The Conservative Party of the United Kingdom has finally replaced the centre-left Labour Party, albeit with the help of Nick Clegg’s centre-left Liberal Democrats (Lib Dems). Unlike many governments around the world, including here in Canada, the United Kingdom has no recent experience with minority governments.
The usual situation there is for the prime minister of the day to operate with a majority of seats in Parliament, ruling with few restraints on his power to implement whatever policies he wants. For the first time since 1945, a British prime minister has been be forced to set aside ideological differences and form a coalition government. According to new prime minister, David Cameron:
“We have a shared agenda [with the Lib Dems] and a shared resolve to tackle the challenges our country faces, to safeguard our national security and support our troops abroad, to tackle the debt crisis, to repair our broken political system and to build a stronger society.”
Cameron gave his first news conference while standing alongside the leader of the Lib Dems, Nick Clegg, the new deputy prime minister. Many see Clegg as a king maker and I suppose he is, but not in any positive sense for his party, which actually lost votes and seats in the election, despite predictions he would do very well.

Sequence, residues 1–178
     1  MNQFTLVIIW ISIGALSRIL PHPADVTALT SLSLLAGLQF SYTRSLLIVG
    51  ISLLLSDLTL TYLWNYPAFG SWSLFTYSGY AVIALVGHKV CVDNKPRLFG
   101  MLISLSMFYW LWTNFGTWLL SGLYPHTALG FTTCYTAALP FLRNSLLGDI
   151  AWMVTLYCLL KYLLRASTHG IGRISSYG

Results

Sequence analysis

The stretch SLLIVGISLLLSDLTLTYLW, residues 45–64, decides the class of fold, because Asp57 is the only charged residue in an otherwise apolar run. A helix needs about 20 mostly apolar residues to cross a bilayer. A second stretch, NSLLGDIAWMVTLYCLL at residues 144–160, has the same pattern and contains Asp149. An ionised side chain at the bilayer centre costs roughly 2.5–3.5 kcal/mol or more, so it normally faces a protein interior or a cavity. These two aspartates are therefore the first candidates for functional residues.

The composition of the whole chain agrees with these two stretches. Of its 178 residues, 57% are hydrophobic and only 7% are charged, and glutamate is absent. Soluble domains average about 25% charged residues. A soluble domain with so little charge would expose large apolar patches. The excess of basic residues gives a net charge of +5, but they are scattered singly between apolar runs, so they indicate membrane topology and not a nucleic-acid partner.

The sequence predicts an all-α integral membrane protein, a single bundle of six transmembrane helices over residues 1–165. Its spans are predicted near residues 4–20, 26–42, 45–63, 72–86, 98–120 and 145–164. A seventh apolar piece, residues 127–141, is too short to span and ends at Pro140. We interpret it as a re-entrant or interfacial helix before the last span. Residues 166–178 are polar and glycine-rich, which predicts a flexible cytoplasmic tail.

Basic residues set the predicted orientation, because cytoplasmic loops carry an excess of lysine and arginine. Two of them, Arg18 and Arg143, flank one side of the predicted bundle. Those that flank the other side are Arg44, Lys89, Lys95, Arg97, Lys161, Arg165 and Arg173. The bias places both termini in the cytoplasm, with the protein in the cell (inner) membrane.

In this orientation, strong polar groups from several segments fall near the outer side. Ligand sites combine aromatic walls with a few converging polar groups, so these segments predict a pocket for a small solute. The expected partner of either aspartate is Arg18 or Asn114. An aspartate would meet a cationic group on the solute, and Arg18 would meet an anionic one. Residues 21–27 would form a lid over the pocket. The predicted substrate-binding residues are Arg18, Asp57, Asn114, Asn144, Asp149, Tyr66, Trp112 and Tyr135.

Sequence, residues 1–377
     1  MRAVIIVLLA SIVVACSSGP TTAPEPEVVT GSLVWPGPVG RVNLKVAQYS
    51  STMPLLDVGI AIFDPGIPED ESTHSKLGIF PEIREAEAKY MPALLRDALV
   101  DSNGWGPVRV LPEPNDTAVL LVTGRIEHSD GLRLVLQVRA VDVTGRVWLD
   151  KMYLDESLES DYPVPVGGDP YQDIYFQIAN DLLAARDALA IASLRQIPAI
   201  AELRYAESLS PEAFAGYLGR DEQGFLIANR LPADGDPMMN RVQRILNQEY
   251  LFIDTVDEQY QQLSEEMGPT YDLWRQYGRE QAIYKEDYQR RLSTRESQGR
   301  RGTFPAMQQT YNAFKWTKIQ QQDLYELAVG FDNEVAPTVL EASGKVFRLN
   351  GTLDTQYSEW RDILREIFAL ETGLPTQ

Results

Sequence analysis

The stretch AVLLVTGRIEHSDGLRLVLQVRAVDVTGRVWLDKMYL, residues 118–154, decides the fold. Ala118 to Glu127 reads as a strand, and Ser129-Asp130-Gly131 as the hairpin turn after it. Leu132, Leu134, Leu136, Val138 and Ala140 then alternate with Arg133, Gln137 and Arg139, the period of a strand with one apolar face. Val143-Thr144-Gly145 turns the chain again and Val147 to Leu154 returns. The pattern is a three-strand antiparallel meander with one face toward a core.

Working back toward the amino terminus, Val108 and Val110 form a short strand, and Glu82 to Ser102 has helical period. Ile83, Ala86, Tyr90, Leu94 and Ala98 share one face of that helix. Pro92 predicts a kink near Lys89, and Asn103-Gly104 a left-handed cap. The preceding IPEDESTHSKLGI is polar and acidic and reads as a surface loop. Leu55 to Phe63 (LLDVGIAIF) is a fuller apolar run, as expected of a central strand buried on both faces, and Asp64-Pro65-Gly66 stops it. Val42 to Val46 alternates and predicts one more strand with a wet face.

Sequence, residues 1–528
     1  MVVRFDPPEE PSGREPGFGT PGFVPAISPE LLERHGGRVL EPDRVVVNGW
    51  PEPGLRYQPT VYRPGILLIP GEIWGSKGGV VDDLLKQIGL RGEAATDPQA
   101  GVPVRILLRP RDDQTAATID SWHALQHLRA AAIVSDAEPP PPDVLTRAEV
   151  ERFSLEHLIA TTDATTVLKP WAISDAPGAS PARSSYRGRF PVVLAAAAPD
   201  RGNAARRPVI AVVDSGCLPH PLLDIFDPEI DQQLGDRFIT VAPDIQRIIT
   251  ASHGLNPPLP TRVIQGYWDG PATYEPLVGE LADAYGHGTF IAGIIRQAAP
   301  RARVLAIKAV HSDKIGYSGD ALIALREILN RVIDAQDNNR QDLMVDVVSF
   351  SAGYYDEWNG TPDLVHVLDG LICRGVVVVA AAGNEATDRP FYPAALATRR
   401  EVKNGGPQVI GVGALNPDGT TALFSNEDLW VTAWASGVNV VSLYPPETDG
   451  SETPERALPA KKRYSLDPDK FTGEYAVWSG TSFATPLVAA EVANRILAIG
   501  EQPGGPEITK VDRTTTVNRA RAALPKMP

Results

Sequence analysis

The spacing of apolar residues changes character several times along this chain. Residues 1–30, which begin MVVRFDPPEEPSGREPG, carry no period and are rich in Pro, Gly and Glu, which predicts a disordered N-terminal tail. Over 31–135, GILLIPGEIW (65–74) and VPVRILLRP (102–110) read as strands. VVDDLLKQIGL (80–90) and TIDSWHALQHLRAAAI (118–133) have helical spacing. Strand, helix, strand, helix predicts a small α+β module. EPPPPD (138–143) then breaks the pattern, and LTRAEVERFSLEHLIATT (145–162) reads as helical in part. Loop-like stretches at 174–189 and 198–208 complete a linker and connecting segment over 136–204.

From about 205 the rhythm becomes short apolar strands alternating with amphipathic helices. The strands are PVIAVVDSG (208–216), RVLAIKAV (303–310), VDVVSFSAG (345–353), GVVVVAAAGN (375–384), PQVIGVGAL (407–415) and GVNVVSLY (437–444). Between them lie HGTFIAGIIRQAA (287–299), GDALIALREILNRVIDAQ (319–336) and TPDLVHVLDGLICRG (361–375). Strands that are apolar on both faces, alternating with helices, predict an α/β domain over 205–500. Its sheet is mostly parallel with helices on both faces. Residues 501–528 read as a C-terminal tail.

Key appointments include former Conservative deputy leader William Hague as the new foreign secretary and ex-finance minister Ken Clarke running the justice department. As well, Conservative Theresa May will be interior minister and Conservative Liam Fox will be defence secretary. Lib Dem Vince Cable, a former economist, is the new business secretary, while fellow Lib Dem David Laws will take up the post of chief secretary to the treasury.
Apparently, however, the Lib Dems paid dearly for their new-found status as a formal part of the ruling coalition.
Clegg has reportedly been forced to agree to back the Conservatives’ plan to begin immediate spending cuts. And Clegg has long been pro-European, but Tories are skeptical over co-operation in Europe, and recent developments with the so-called “Pigs” countries have hardly been encouraging.
Reports are that, for the sake of the coalition, Clegg agreed to abandon plans to make Britain more closely engaged in the European Union, while also agreeing to a Conservative plan to hold a referendum on any further EU powers. This must have been a bitter pill for Clegg, who was once a member of the European parliament, to swallow.
And, apparently, any hope Clegg had of the new government joining the euro currency has been dashed—the Conservatives oppose the move. The Lib Dems still want to, when the economic conditions are right, but Clegg says now is not the right time.